In his new book Men At War: Loving, Lusting, Fighting, Remembering 1939–1945, Luke Turner writes of “the banality of generalisation” that blights many accounts of World War II. In Whispering Walls, David Crossland echoes that view in relation to the previous global conflict: “The generation that fell silent on the Western Front over a century ago is often remembered collectively rather than as individuals.”
His objective is, like Turner’s, to paint portraits of the quietly remarkable lives of some of those on the front line, drawing on an incredible resource: graffiti and carvings left by the soldiers who took shelter in the limestone quarries and caves beneath the battlefields.
And so it is that we meet the likes of Alister Ross, a Scot who had emigrated to Australia and whose life was literally saved by the Bible in his pocket (“the Lord is my strength and my shield” indeed); and Leslie Russell Blake, previously a member of Mawson’s Australasian Antarctic Expedition team, who, when receiving the Military Cross in 1917, excused himself from a protracted conversation with King George V because he was anxious about missing a dental appointment.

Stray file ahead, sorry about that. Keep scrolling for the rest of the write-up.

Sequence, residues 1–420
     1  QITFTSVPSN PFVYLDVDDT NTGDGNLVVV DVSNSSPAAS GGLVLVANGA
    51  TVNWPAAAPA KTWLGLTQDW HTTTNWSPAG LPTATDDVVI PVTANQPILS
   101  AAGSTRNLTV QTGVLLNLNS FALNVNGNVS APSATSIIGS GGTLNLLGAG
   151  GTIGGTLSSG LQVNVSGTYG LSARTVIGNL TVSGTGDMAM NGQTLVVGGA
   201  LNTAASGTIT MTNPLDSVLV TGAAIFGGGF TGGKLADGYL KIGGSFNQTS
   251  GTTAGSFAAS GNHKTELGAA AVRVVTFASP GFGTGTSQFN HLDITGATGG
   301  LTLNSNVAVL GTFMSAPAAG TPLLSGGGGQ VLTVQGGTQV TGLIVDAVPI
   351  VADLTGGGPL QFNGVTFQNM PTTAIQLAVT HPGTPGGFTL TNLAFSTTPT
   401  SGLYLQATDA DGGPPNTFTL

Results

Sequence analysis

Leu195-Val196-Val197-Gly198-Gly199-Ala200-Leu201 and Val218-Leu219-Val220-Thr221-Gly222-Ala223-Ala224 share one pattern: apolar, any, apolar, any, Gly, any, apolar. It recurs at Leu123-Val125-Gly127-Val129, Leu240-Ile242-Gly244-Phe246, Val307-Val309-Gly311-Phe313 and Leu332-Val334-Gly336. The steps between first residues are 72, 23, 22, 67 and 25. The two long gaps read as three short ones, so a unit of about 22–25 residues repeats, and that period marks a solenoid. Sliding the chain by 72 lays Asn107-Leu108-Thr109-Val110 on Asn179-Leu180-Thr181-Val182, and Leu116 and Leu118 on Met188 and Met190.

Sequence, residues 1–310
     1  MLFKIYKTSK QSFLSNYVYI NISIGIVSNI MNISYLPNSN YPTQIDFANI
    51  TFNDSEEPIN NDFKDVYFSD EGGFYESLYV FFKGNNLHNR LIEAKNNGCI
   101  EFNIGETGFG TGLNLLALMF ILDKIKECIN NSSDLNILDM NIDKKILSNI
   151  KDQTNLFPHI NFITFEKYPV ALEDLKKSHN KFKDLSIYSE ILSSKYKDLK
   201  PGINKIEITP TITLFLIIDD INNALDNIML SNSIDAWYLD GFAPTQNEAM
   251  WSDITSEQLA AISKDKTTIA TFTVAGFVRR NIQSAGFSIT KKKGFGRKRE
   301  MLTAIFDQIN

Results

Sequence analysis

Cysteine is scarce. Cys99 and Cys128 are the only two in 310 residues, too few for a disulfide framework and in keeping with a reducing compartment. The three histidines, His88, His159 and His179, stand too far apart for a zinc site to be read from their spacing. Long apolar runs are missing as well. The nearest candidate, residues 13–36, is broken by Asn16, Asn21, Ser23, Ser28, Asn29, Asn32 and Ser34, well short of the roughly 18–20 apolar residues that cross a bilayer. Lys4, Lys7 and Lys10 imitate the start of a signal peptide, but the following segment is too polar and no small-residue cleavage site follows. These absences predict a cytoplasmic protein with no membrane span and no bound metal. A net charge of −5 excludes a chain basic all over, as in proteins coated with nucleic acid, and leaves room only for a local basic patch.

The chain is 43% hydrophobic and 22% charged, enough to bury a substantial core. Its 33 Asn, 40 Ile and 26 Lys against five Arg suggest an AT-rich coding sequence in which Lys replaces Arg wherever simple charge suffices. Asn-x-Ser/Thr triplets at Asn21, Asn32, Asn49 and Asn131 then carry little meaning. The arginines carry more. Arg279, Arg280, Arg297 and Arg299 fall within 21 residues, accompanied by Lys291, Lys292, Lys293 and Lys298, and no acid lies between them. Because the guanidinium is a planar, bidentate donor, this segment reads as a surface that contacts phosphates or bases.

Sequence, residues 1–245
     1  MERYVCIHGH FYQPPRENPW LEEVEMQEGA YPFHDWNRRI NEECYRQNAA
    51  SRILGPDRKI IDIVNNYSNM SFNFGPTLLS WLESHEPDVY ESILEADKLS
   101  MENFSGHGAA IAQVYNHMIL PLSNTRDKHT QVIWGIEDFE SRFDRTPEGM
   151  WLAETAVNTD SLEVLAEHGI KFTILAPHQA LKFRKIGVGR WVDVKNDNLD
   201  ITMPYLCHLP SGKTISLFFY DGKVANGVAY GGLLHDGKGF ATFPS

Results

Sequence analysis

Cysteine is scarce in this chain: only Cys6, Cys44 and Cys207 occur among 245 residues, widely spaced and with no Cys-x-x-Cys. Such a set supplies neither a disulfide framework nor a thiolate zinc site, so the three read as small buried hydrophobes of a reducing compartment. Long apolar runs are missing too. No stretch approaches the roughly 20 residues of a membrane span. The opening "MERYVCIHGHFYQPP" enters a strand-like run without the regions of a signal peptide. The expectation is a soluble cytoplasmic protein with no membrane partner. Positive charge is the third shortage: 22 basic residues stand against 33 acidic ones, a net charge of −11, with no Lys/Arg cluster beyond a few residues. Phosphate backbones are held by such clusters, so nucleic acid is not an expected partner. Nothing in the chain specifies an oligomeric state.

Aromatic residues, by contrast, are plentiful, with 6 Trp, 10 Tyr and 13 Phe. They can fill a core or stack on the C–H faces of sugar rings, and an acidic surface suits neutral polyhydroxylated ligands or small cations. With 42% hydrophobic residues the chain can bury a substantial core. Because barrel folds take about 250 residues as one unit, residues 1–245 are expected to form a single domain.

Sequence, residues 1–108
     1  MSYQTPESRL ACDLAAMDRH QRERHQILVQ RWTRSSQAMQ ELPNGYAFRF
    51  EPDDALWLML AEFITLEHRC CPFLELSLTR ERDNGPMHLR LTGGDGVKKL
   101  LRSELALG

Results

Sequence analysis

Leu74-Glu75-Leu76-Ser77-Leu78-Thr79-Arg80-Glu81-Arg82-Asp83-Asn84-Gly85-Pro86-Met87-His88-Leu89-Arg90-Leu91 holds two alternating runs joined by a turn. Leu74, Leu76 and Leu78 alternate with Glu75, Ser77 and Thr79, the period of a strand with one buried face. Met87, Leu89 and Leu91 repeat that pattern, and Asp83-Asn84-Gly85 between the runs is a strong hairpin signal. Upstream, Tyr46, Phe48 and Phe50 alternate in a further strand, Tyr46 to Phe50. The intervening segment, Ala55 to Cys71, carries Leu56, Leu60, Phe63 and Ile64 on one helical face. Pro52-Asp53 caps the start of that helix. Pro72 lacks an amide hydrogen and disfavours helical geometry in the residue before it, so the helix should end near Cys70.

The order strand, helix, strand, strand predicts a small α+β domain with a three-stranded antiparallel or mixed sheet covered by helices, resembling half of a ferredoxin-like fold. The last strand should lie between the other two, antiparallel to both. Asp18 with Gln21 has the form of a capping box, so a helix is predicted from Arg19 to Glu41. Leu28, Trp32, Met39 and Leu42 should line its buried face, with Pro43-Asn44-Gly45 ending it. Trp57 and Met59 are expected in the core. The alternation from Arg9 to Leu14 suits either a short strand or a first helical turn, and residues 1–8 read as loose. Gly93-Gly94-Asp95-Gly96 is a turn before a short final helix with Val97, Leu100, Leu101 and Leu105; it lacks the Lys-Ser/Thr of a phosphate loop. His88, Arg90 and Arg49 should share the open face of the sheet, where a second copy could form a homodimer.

Of all of the inscriptions and artwork featured in the book, arguably the most poignant is a crude cock and balls that simultaneously dissolves the temporal distance between reader and artist and underlines the youthful immaturity of those whose lives were lost. Crossland’s book is both a plea for preservation (he argues that the souterraines should be granted UNESCO World Heritage status) and a testament to the irrepressible human impulse to be creative and leave one’s mark, even amid the horrors of war.
Whispering Walls: First World War Graffiti, David Crossland (Amberley)
Price: £15.99. Info: here
words BEN WOOLHEAD
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